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Planning for Our Senior Years—It’s Never Too Soon!

Maybe you’re looking to retire in the next few years. Or maybe you’re not sure you want to retire, but you want to be prepared for the unexpected, including age-related challenges. Studies show that today’s younger people have done very little planning for their senior years—but giving it some thought now makes it more likely you’ll have the quality of life you want in your later years.

One of the gifts of growing older is the wealth of life experience you have accumulated. By the time you face the challenges of later life, you have most likely raised children, held several jobs, and organized everything from school bake sales and political gatherings to garden club fundraisers and family reunions. You have dealt with medical and financial crises, times of emotional upheaval, and family stress. Though you may not have looked at it from this perspective, all of those life events have taught you the essential skills of planning and teamwork that you can now use in taking control of this stage of your life. You have what you need to consider the options open to you, come up with a realistic and workable plan, and live these later decades of your life in a manner that makes sense to you.

There are always unknowns as we face the future—more so as we grow older. It’s impossible to predict when challenges to our health and well-being will appear. So any plan for our senior years has to be flexible. It has to take into account the potential of change or of increasing disability. However, especially if you begin early, you have a good chance to put in place the outline of a life that has meaning for you, that allows you to pursue your interests and reflects your priorities.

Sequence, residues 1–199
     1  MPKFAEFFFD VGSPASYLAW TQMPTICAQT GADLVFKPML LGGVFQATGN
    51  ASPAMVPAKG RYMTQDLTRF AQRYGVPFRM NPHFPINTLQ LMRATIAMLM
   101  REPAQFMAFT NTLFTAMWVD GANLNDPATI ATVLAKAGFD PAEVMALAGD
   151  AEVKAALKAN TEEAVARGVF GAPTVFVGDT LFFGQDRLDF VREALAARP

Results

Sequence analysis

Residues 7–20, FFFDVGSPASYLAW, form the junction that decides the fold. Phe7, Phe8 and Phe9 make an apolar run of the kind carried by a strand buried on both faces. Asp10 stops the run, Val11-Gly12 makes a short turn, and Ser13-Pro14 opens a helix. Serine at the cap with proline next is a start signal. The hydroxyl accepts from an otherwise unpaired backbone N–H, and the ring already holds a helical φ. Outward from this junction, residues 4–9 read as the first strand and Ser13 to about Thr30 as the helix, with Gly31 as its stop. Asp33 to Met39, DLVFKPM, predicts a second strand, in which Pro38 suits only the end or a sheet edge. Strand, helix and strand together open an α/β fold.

It All Begins with Planning

As you look to the future, what is most important to you? What are the conditions that are most essential to your quality of life? Does being close to family make it to the top of the list? Or putting aside resources that will allow you to travel? As you look at where you want to live, is it important to you to have a garden, a workshop, a good kitchen, or to be located near a variety of cultural events? It’s time to make a plan! The questions that help you create your plan should include:

Where do I want to live?

  • Where do I want to be geographically?
  • With whom and near whom do I want to live?
  • What size and configuration of home makes the most sense—long-time family home, one-story condominium, mobile home, seasonal residence?
  • What activities or interests should my home allow—cooking, gardening, woodworking, exercise equipment, space for children and grandchildren to visit?
  • How would my proposed home function if I were to become ill or disabled?
  • Will a move almost surely eventually be necessary, or can my home environment be adapted to new life circumstances?

What do I want to do?

  • What long-time interests do I want to continue?